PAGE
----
7. Gonzalez H, Bolgert F, Camporo P. et al Progressive multifocal leukoencephalitis (PML) in three patients treated with standard‐dose fludarabine (FAMP). Hematol Cell Ther 1999. 41183–186.186 [PubMed]
8. Cid J, Revilla M, Cervera A. et al Progressive multifocal leukoencephalopathy following oral fludarabine treatment of chronic lymphocytic leukemia. Ann Hematol 2000. 79392–395.395 [PubMed]
9. Coley S C, Jager H R, Szydlo R M. et al CT and MRI manifestations of central nervous system infection following allogeneic bone marrow transplantation. Clin Radiol 1999. 54390–397.397 [PubMed]
10. Wingard J R. Advances in the management of infectious complications after bone marrow transplantation. Bone Marrow Transplant 1990. 6371–383.383 [PubMed]
11. Bagnato F, Pietropoaolo V, Di Taranto C. et al Chronic lymphocytic leukemia complicated by progressive multifocal leukoencephalopathy without apparent immunodepression. Eur J Neurol 2001. 8367–368.368 [PubMed]
12. Aure K, Behin A, Louillet F. et al Dramatic improvement in non‐AIDS related progressive multifocal leucoencephalopathy. J Neurol Neurosurg Psychiatry 2005. 761305–1306.1306 [PMC free article] [PubMed]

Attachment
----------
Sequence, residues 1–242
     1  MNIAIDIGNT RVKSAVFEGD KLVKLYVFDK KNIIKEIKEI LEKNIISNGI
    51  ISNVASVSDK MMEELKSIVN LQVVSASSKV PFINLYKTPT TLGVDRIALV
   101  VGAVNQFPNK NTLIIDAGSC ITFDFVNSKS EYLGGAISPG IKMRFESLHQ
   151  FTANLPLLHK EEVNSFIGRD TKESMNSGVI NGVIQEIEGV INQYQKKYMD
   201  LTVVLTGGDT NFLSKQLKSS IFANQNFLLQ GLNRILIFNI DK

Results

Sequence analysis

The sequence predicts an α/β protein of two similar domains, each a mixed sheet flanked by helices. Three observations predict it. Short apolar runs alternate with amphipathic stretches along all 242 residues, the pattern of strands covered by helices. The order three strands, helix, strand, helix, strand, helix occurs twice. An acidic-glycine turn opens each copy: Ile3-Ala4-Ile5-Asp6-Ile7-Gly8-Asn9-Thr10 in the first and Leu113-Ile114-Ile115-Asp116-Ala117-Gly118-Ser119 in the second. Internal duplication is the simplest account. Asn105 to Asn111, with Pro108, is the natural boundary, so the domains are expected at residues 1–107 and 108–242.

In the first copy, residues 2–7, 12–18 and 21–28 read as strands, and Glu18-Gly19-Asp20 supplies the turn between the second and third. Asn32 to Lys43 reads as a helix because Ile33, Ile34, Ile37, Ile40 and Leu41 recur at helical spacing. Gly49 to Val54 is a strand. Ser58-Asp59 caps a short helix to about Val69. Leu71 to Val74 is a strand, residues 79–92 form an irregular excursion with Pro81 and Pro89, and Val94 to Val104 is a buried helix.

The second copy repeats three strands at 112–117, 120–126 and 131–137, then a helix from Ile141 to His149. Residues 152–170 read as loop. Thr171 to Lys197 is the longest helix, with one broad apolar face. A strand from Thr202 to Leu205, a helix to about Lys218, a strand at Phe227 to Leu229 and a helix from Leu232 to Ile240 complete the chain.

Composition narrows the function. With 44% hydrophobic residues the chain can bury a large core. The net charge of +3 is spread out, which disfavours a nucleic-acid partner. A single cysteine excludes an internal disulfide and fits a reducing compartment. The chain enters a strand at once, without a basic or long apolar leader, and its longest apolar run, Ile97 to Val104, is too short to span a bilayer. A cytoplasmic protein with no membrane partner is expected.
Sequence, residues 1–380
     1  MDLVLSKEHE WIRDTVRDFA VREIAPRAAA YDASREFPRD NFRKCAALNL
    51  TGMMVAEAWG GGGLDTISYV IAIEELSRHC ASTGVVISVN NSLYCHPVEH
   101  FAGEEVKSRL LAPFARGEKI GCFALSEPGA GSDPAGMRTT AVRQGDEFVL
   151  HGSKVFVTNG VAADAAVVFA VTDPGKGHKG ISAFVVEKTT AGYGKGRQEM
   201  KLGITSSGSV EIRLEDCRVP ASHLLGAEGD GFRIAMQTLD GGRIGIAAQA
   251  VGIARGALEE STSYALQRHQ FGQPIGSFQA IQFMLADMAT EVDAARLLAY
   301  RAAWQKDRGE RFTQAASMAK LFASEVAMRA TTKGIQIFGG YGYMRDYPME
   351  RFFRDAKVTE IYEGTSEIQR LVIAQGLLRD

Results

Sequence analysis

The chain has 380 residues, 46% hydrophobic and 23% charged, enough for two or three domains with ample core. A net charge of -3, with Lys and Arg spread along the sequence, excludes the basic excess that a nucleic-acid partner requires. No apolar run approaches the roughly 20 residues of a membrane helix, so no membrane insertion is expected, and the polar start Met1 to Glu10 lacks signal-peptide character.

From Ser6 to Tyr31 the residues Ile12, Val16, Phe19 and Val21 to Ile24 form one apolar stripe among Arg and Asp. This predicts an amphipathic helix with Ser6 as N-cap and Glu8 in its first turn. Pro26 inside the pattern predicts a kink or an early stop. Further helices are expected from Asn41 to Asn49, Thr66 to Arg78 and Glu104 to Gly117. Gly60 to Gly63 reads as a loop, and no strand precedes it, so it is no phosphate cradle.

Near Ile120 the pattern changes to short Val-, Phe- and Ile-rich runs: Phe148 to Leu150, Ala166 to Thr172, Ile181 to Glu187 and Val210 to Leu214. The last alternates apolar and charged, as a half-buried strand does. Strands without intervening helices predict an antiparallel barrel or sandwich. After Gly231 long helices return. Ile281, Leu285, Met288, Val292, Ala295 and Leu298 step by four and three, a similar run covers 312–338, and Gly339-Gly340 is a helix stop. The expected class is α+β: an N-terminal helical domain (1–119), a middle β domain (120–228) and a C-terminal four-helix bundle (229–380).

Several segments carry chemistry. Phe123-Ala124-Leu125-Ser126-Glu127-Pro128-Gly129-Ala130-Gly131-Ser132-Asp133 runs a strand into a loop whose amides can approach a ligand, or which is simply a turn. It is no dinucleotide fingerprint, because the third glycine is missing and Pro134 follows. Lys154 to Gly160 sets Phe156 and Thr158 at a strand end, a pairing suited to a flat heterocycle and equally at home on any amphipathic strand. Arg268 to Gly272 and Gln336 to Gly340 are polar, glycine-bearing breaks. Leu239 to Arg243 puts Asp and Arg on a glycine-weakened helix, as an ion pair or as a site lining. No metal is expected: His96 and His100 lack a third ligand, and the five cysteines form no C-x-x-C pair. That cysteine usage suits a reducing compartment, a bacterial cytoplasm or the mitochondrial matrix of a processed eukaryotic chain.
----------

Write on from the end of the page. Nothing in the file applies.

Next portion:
13. Gasnault J, Taoufik Y, Goujard C. et al Prolonged survival without neurological improvement in patients with AIDS‐related progressive multifocal leukoencephalopathy on potent combined antiretroviral therapy. J Neurovirol 1999. 5421–429.429 [PubMed]
14. Viallard J F, Lazaro E, Lafon M E. et al Successful cidofovir therapy of progressive multifocal leukoencephalopathy preceding angioimmunoblastic T‐cell lymphoma. Leuk Lymphoma 2005. 461659–1662.1662 [PubMed]
15. Hou J, Major E O. The efficacy of nucleoside analogs against JC virus multiplication in a persistently infected human fetal brain cell line. J Neurovirol 1998. 4451–456.456 [PubMed]
16. Gasnault J, Kousignian P, Kahraman M. et al Cidofovir in AIDS‐associated progressive multifocal leukoencephalopathy: a monocenter observational study with clinical and JC virus load monitoring. J Neurovirol 2001. 7375–381.381 [PubMed]
17. Marra C M, Rajicic N, Barker D E. et al A pilot study of cidofovir for progressive multifocal leukoencephalopathy in AIDS. AIDS 2002. 161791–1797.1797 [PubMed]
18. Rueger M A, Miletic H, Dorries K. et al Long‐term remission in progressive multifocal leukoencephalopathy caused by idiopathic CD4+ T lymphocytopenia: a case report. Clin Infect Dis 2006. 42e53–e56.e56 [PubMed]
19. Price R W, Nielsen S, Horten B. et al Progressive multifocal leukoencephalopathy: a burnt‐out case. Ann Neurol 1983. 13485–490.490 [PubMed]
20. Du Pasquier R A, Kuroda M J, Zheng Y. et al A prospective study demonstrates an association between JC virus‐specific cytotoxic T lymphocytes and the early control of progressive multifocal leukoencephalopathy. Brain 2004. 127(Pt 9)1970–1978.1978 [PubMed]

Articles from Journal of Neurology, Neurosurgery, and Psychiatry are provided here courtesy of BMJ Publishing Group